base for a memorial service for a soldier who had been killed a couple of days
previous by an IAD, and we had to drive through Ramadi to get there. And the
drive through was OK. There's a mile-long stretch where traffic is always
quite intense, and you are sitting ducks as you drive through. On the way
there, it wasn't a problem. On the way back it became quite a problem because
two lanes of traffic where shut down. So instead of the usual four lanes,
there were only two lanes available--became immediately gridlocked. And then
there was actually a demonstration that nobody was aware of that began at a
mosque at the end of the road. And a crowd of about a thousand people started
marching towards us, and this was the day after Saddam was captured, and the
demonstration was against the capture of Saddam. It was pro-Saddam. It was
anti-US.

And the mob--well, it was a crowd initially, but then when they saw us, they
kind of became a mob. They were all firing their weapons into the air. There
was gunfire all around us. And then in an effort to get out of town as
quickly as possible, the vehicles in the convoy--and there were just five
Humvees--tried to jump this very large median. And one of the vehicles got
stuck, so the convoy stalled there.

GROSS: The median was about two feet high.

Mr. MAAS: It was about two feet high. And, you know, Humvees have extremely
high clearance, and they can jump over, you know, quite large medians, and
that's what they're made for: to be able to take all kinds of terrain. This
median was extraordinarily, unusually high, and, indeed, the convoy
commander's Humvee got stuck, so we couldn't leave. So they had to kind of
stop, set up a perimeter there. The crowd surrounded us. They're firing
their weapons in the air. They're shouting at us. They're waving the soles
of their shoes at us. They're spitting at us. The American soldiers are
pointing their weapons at the crowd, scanning the rooftops, gunfire all
around, in the midst of which Nagl turns to me and says, `Peter, have you ever
seen "Black Hawk Down"?'

GROSS: (Laughs) Was that his sense of humor? I mean...

Mr. MAAS: He's got a very good sense of humor, and it's a very useful and
necessary resource, I think, for anybody who's in a war zone, which might
sound kind of paradoxical. But things are so heavy and so serious and so
intense there that you need to somehow get away from it, and one of the ways
you get away from it is by just making jokes about it and trying to see the
lighter side, if there is a lighter side to be seen. And Nagl is quite, quite
good at that, and that perhaps is one of the reasons why he's a very good
officer.

GROSS: And where are you at this point? You're in a tank? You're in a
Humvee?

Mr. MAAS: Well, no. Well, we got stuck in the traffic and then tried to jump
the median, and then when the one vehicle got stuck, we had to stop and try to
get it out. And so I got out of the Humvee, as did all the soldiers, because
you don't want to be stuck in a Humvee when the shooting starts because the
Humvee is a sitting target. The Humvee that I was traveling in, which was the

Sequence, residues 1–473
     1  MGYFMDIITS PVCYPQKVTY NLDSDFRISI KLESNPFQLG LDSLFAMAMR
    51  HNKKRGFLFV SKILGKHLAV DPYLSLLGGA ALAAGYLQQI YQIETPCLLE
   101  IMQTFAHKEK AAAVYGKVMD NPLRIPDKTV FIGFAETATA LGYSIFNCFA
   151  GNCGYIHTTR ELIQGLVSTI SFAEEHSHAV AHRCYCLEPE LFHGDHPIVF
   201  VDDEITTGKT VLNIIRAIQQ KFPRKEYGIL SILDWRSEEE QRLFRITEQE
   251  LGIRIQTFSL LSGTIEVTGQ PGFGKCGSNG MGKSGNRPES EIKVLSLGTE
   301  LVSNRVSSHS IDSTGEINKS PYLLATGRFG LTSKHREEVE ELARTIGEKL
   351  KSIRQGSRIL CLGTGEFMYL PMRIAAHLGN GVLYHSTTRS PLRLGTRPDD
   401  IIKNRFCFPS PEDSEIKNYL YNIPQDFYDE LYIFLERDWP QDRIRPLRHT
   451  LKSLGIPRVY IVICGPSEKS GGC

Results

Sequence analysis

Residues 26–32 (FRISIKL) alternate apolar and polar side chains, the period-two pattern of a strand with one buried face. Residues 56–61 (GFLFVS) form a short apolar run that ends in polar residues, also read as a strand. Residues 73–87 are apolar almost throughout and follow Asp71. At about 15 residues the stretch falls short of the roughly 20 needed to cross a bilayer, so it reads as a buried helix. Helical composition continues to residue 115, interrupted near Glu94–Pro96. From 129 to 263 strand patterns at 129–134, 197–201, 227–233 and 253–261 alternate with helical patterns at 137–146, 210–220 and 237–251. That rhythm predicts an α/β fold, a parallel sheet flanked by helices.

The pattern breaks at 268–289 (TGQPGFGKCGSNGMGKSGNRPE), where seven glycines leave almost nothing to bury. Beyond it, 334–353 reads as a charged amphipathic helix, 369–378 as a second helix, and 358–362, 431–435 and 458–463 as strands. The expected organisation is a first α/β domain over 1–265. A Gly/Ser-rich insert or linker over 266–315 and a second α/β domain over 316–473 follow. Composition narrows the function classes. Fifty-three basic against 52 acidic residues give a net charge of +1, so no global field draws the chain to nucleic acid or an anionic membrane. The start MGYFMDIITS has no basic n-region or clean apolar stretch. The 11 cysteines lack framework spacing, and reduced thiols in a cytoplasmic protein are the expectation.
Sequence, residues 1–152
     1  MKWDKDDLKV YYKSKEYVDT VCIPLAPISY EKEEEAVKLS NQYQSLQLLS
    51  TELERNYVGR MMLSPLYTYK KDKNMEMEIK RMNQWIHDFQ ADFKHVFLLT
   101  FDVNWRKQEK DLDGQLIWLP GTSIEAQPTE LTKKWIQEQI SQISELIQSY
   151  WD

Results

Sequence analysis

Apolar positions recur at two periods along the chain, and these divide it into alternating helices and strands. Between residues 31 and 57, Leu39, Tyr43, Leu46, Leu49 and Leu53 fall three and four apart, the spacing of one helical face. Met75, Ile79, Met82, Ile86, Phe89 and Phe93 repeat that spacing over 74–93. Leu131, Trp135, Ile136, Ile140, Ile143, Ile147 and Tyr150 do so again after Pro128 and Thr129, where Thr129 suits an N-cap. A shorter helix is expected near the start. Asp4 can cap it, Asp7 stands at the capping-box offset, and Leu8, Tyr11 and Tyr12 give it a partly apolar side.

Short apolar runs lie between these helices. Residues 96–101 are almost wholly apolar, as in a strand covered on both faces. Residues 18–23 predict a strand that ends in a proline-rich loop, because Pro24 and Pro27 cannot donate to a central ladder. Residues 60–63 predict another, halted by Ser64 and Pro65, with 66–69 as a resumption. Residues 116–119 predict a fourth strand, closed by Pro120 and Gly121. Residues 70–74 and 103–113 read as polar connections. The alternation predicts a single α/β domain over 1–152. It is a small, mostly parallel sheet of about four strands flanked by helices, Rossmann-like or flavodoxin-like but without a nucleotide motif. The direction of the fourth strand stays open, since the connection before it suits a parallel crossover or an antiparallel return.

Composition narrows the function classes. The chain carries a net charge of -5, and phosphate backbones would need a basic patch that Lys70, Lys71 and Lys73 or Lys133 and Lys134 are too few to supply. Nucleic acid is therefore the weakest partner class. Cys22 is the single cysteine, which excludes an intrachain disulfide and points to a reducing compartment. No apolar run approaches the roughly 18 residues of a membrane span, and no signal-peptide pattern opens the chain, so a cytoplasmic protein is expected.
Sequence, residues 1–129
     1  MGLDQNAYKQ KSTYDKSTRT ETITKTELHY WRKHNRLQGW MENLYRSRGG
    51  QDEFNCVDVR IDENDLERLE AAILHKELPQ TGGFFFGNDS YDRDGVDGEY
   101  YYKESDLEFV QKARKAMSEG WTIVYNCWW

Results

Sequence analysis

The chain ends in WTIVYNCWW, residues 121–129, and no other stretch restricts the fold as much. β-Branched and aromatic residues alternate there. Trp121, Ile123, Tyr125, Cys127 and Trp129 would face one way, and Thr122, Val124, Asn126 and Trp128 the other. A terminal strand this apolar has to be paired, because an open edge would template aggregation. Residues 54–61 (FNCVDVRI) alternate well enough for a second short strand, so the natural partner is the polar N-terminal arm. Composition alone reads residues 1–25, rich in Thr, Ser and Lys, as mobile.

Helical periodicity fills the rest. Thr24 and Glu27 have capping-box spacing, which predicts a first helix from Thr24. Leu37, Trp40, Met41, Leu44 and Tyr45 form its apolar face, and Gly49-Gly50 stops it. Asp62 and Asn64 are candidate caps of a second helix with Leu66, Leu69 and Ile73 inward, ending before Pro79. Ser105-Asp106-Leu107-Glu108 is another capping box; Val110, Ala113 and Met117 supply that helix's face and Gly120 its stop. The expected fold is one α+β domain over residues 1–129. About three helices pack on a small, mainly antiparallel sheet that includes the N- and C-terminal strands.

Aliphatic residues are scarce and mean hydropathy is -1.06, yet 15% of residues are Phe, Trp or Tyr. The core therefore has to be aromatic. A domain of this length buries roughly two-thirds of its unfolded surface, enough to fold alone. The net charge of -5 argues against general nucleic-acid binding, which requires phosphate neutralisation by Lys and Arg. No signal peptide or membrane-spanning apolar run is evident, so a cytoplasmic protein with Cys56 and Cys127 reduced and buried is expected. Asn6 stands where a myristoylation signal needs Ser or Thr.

major's Humvee, was not even armored. So I was outside of the Humvee just
kind of staying a few feet away from it, near the major. Nobody was walking
any distance away from the Humvees because there were so few soldiers on the
ground that nobody wanted to get spread out, and they kind of formed a very
tight perimeter.

GROSS: So how'd the story end?

Mr. MAAS: Well, after about five or 10 minutes, you know, that seemed like
five or 10 years, the Humvee that was marooned, actually, was unmarooned, and
so we were able then to drive away. But there was the crowd still kind of on
the sides of the street shouting at us, throwing rocks at us and shooting at
us. And so as we left town, the Humvee right behind us, which had a .50
caliber machine gun on the top, opened fire on some people who the gunner
thought were firing at us. We then kept going down the road back towards the
base, and all along the route there were people, you know, shouting and
jeering and throwing rocks and things of that sort.

And we got to Khaldiya, and somebody threw a smoke bomb in the road in front
of us, and more rocks were thrown at us. And it was a very tense moment when
Nagl's driver, who was steering the vehicle, the Humvee, with his left hand
and cradling his M-16, which was pointed out his window, with his right hand,
was very close to taking a shot at some of the people who were throwing rocks
at us, many of whom were kids. And so Nagl just leaned over to him and
shouted, `Don't shoot! Don't shoot the kids!' He didn't, and we got out.
But the Humvee behind us didn't. He fired some shots. Don't know what
happened in terms of casualties.

GROSS: What are some of the lessons about the difficulty of this
counterinsurgency, lessons that you can take just from this one incident
alone?

Mr. MAAS: From that incident, when we were sitting ducks with the crowd
around us in Ramadi, it was quite interesting that they did not shoot at us
when we were the sitting ducks. They did, apparently, some people, shoot at
us as we were leaving. One of the reasons they didn't shoot at us is because
anybody in that crowd who was an insurgent, who wanted to take out some
Americans, would have known by virtue of experience, the Americans now being
an occupying power for--What?--seven or eight months, that if you fire at the
Americans, if you even begin to raise a weapon in the direction of the
Americans, they will fire on you, and they will kill you because their fire is
very precise.

Now that's very good for the Americans because it means that people are scared